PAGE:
Preserving History!

One of the joys of being a member of the Monmouth County Historical Commission is the many different museums and historical sites I have the opportunity or get invited to visit. Some of these are sites I have known about, because of my love of history, others I have heard a lot about, but never took the time or had the opportunity to visit on my own.

Such was the case this week when the Commission held its regular monthly meeting, by invitation, at the Belmar Historical Society. And what a wonderful opportunity it was!

The Society’s site is history in itself. Located at 900 E Street in Belmar, the Society is in the annex to the Union Fire House, a fire house still in active use with great volunteers, and due to celebrate its 150th anniversary next year. Prior to our business meeting, volunteers in the fire department gave us a tour of their facility, which included, in addition to their sparkly clean and ready for action two modern fire trucks, a horse-drawn truck complete with hose and water barrel that was used in earlier times. They even have the names of the horses who pulled the fire wagon emblazoned in a grand display above the special alcove firemen built themselves to display the fire wagon.

What is as wonderful to see as the history itself is the level of volunteerism and hard work these firemen pour into their mission. Several men stayed around to show us some of the things in which they take special pride…the fact it was volunteers who have done most of the upkeep, maintenance and improvements to the building, their fire equipment hung neatly and easily available in mini closets along the wall, the height marks where the water in Hurricane Sandy completely enveloped higher than knee high of their magnificent building. Just seeing them and hearing all they do on their own, to make life a little better and a little safer for their neighbors is enough to remind you to say an extra prayer and many words of thanks to similar volunteer fire departments throughout Monmouth County and a good part of New Jersey.

As if the volunteerism in this fire department isn’t enough, the volunteerism, pride and knowledge at the Museum is even more so.

The Historical Society itself, in presenting its displays in such a historical setting, has made an incredibly creative use of a very small space in which they have packed scores of paintings, photos, letters and other memorabilia on the walls, then added showcases for the many artifacts from many eras. There are several rooms in this museum, each packed with a very fastidious and well researched piece of history. Even the hall connecting the rooms is filled with history. A favorite among visitors, it seems, is the series of maps in the hall that show Belmar during different centuries, and thus Belmar visitors are able to search out where their own home is and see what was there in an earlier century.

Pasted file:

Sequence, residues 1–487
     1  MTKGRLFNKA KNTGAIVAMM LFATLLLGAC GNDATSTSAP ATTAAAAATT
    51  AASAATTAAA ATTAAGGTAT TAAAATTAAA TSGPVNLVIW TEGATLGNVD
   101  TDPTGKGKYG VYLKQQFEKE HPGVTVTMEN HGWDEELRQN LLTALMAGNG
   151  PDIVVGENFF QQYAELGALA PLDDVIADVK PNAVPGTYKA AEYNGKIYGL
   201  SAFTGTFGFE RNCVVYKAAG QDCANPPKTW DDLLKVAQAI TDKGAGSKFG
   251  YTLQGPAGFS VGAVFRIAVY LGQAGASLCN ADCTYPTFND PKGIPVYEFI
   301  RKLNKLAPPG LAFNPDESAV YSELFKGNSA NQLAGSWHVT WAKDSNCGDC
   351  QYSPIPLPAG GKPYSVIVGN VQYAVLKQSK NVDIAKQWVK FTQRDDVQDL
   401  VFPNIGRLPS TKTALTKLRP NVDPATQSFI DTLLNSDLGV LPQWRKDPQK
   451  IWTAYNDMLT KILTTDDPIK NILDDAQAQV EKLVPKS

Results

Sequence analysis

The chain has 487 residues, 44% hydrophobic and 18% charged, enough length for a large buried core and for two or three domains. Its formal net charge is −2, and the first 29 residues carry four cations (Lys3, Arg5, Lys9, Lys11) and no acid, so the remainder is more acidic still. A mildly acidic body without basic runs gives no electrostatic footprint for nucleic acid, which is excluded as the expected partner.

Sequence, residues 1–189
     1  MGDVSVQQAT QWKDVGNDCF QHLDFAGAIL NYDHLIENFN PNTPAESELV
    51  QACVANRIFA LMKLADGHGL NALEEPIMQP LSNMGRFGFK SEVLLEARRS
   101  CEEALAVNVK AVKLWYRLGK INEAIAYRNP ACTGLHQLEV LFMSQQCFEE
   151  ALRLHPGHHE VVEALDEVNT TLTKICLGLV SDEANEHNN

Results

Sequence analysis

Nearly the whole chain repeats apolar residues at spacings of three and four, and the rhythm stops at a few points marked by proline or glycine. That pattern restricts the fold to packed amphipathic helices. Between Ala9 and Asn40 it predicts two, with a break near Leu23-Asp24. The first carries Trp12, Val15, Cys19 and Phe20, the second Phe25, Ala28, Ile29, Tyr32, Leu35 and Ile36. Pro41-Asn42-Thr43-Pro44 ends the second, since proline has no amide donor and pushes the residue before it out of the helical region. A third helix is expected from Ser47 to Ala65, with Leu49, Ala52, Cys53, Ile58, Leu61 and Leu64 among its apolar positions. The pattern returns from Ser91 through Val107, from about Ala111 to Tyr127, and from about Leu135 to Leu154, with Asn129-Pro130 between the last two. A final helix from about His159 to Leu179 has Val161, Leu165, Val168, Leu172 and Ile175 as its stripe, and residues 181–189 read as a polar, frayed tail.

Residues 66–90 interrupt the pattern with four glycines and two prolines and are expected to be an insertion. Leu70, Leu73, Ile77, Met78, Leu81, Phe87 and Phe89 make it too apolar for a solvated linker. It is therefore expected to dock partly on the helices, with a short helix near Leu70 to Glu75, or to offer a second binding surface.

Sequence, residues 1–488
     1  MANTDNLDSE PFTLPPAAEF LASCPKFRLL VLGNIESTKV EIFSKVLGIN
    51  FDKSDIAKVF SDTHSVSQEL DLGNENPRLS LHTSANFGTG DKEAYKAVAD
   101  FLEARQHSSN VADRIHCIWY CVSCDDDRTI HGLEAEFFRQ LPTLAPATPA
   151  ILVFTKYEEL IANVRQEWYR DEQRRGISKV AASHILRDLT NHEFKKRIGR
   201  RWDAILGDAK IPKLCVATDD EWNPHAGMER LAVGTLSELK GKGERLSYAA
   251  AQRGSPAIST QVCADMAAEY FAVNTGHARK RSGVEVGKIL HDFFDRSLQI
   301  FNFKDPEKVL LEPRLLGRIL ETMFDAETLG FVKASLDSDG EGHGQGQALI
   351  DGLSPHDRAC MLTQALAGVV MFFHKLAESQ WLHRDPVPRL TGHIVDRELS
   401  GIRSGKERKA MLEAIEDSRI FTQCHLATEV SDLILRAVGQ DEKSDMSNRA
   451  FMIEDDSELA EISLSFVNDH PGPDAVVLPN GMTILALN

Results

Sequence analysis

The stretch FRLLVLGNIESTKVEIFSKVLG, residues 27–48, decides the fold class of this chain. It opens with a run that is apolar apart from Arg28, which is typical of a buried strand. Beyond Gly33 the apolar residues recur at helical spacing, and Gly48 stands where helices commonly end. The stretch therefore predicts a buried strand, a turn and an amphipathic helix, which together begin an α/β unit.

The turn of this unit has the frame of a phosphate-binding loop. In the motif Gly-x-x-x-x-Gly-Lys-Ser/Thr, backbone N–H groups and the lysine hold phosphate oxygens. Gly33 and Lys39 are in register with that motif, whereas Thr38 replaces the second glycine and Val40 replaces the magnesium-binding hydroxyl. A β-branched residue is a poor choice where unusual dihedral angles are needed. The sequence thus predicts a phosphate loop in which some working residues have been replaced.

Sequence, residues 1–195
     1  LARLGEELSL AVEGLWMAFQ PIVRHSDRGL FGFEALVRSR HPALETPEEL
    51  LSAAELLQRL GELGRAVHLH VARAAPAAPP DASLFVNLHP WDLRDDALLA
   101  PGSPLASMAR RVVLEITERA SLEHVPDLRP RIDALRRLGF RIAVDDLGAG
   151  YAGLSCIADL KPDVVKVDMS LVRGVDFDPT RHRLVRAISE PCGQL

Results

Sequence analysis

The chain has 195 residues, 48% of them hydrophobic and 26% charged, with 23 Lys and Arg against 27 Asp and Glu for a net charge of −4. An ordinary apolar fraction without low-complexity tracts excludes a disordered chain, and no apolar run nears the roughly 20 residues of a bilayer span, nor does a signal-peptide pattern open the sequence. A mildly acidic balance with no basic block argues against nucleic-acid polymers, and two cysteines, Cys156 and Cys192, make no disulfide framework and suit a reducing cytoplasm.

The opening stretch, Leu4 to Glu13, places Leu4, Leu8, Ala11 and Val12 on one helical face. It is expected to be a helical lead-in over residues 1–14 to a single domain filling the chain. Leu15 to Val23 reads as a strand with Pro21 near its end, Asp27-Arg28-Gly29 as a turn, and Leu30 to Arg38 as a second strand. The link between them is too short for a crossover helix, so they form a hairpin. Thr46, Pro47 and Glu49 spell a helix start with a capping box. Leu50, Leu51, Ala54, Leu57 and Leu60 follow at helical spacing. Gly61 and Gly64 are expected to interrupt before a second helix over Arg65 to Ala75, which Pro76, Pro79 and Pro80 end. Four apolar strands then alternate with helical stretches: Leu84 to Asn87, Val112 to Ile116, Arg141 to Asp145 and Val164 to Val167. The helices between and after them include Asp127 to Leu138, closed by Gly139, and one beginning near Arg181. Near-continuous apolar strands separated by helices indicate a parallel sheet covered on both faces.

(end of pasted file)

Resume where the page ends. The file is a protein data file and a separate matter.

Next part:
Their archive room is packed with shelves and folders, all neatly marked for easy access, where historians or visitors researching a particular person, place or thing, can find information.

The Coast Star is and has been the weekly newspaper in the area, and papers of that newspaper have been archived along with others for easy access to so much information.

There are probably over 100 members of the Belmar Society, but, like most volunteer organizations, probably only about a couple of dozen are active on a regular basis. The officers who showed us through their very special museum have attended numerous classes, programs and seminars to increase their own knowledge and to help them learn the best way to display their artifacts and history and are truly experts in their knowledge and appreciation of Belmar. They even give history classes at the Museum, a unique and wonderful addition to any museum.

The Society fulfills is mission well, pledging to restore, preserve and acquire sites and materials relative to Belmar. They encourage further information from residents and visitors who may have photos or artifacts they would like to donate. The day before our visit, a resident donated a spectacular photo of the Morro Castle, complete with a Belmar volunteer on a rope over the sea as he reached the burning ship in 1938. One photo does not a museum make, but it certainly adds to a collection of personal memories.

The Society was founded in 1991 as the Belmar Historical Preservation Advisory Council, a long name for what is now the Belmar Historical Society incorporated as a non-profit in 2011 and filled with volunteers who love their town. Meetings are the second Tuesday of each month at 7 p.m. at the museum … it’s a magnificent room with a tin ceiling and perfectly preserved walls, windows, and window coverings up 24 steps from the first floor. Visit their website at, become a member for $20 to $250 or more for individual, family, commercial or corporate memberships, and see for yourself


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